three billboards outside ebbing, missouri – martin mcdonagh
The closing night gala of London Film Festival back in October, Three Billboards Outside Ebbing, Missouri is finally out now. A needed tale of resistance and fighting for justice, the film follows Frances McDormand and Woody Harrelson going head-to-head in their small Missouri town. After McDormand’s daughter was murdered and the case was unsolved by the local police, she decides to truth-tell across some unmissable billboards. Be sure not to miss the truth or the movie.
last flag flying – richard linklater
Linklater’s latest is almost as long-awaited as the Bryan Cranston/Steve Carell pairing within it. A road movie with a sad destination, trio Larry ’Doc’ Shepherd (Carell), Sal (Cranston) and Mueller (Lawrence Fishburne), are an odd group of clashing war veterans who reunite to help Doc on his shambolic journey to giving his late son the funeral his father wants. Heartbreaking and hilarious, the charismatic cast provide reason enough to see the film, but together with Linklater’s classically witty and touching script it’s not to be missed. Check out Last Flag Flying on 26th January 2018.
lean on pete – andrew haigh
Andrew Haigh’s latest film was another festival hit this season, with Steve Buscemi and Chloe Sevigny coming together with newcomer Charlie Plummer in this indie trailblazer. A 15-year-old searching for a home and a fresh start, Charley Thompson finds it in a washed-up horse trainer as he befriends one of his failing racehorses, Lean on Pete. A tale of adventure and coming-of-age, Haigh sweeps us to Oregon and into Charley and Pete’s unique journey. Be sure to check Lean on Pete out when it hits cinemas on 4th May 2018.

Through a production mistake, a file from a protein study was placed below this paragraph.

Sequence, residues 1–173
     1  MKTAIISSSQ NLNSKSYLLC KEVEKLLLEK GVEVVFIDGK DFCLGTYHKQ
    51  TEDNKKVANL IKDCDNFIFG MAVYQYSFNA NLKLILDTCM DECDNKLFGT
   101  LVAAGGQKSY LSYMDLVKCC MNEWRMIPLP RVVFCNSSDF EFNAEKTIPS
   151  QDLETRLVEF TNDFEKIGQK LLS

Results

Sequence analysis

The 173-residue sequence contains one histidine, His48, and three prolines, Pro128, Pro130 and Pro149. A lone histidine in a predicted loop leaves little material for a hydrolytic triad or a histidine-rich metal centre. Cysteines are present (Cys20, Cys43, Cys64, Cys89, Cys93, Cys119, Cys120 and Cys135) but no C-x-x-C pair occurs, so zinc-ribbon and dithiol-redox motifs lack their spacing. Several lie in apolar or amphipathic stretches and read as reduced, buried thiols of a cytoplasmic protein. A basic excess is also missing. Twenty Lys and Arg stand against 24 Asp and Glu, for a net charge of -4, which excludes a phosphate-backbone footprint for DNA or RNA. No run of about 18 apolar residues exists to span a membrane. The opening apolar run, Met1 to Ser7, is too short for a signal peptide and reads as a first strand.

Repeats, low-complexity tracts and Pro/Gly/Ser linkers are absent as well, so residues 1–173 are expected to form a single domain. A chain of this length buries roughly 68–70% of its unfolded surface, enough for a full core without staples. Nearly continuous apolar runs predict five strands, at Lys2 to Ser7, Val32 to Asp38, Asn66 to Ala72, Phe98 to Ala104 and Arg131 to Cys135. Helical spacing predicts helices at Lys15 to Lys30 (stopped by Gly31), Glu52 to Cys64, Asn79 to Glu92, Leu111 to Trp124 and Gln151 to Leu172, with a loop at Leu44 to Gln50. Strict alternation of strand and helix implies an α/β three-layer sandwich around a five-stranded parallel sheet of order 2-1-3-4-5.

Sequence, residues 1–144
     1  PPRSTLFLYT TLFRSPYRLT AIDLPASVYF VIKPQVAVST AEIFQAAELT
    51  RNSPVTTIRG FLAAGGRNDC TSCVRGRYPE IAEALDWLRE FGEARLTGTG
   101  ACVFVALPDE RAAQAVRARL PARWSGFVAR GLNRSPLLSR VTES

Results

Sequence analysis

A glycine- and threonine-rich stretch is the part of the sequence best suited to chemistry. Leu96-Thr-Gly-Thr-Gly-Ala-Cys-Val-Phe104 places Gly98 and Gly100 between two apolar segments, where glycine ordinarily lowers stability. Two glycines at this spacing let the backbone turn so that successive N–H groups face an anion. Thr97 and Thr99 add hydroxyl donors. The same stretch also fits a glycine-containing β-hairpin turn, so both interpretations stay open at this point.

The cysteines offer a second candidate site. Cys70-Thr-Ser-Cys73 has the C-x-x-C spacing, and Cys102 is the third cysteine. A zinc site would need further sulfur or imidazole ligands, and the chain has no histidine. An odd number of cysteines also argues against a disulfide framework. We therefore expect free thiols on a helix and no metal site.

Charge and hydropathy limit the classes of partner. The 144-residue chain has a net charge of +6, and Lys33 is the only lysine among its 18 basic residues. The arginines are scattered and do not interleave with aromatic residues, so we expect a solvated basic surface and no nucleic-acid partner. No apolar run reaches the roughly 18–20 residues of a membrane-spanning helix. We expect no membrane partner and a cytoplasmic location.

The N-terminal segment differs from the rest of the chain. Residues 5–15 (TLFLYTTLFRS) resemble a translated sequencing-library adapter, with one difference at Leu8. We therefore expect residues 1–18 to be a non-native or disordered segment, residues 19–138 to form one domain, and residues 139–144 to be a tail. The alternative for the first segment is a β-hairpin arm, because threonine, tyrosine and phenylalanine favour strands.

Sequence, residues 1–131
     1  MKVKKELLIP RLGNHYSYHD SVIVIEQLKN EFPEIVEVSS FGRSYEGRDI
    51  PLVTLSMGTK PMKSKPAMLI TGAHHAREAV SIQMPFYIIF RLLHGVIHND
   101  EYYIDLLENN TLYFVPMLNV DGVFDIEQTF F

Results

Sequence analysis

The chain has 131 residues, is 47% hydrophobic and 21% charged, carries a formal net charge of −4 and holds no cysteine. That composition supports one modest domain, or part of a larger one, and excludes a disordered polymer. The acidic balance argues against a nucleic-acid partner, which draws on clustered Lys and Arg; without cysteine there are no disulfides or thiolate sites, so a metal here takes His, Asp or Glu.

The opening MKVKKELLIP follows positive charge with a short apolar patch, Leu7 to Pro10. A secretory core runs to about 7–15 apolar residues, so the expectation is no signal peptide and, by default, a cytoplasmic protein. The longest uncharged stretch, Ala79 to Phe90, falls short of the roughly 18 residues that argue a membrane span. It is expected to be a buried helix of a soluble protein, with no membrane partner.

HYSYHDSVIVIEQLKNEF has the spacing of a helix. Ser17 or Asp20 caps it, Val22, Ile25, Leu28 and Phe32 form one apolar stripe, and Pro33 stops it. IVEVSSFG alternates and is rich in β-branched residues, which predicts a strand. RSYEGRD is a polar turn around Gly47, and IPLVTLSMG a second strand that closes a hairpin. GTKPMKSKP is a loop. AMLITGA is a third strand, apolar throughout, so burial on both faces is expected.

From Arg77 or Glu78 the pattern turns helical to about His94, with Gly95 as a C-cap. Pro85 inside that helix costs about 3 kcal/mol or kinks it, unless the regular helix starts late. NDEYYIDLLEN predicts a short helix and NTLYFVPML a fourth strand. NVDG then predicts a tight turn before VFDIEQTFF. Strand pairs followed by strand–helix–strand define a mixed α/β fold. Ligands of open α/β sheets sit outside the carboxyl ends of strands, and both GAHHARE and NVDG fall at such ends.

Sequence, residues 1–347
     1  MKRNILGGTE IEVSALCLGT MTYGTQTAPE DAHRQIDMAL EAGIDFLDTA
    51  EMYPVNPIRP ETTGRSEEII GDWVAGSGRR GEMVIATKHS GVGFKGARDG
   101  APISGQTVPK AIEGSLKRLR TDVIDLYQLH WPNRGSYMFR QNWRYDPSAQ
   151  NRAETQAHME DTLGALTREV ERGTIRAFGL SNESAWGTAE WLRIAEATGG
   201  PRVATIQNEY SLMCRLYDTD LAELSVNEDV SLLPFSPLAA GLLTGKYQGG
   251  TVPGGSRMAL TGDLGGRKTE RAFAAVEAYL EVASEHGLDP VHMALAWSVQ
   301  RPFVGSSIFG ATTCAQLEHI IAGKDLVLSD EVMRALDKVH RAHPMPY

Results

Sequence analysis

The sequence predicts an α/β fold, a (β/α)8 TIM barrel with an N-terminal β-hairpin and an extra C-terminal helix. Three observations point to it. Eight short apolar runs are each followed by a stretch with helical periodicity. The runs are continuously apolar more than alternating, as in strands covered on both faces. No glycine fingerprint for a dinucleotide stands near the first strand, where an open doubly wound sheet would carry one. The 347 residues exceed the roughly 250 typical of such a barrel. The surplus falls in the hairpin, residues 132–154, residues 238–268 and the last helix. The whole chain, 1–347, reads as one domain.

you were never really here – lynn ramsay
Lynne Ramsay, screenwriter and director of You Were Never Really Here, has taken on the master task of inverting the noir thriller. The mind behind We Need to Talk About Kevin, Ramsay here has recruited Joaquin Phoenix for the role of a Gulf War veteran and former FBI agent, who himself has taken up the role of saving child sex ring victims. An up-and-coming cast, featuring the talented 14-year-old Ekaterina Samsonov, it’s sharply gritty with a captivating score, it’s already won big at Cannes.
isle of dogs – wes anderson
Taking on stop motion for the first time since Fantastic Mr Fox, Wes Anderson has revealed very little detail about his upcoming film Isle of Dogs. A tale of a young boy’s mission to find his missing dog, it’s set in Japan 20 years in the future where “canine saturation has reached epidemic proportions”. Supposedly comedic, heartwarming and aesthetically inspired by Akira Kurosawa, the cast will surely up its appeal even further: Edward Norton, Tilda Swinton, Jeff Goldblum, Bill Murray, Scarlett Johansson, Greta Gerwig, Bryan Cranston and Yoko Ono. Due on 30th March 2018, its sure to be one of the most anticipated of the year’s movies.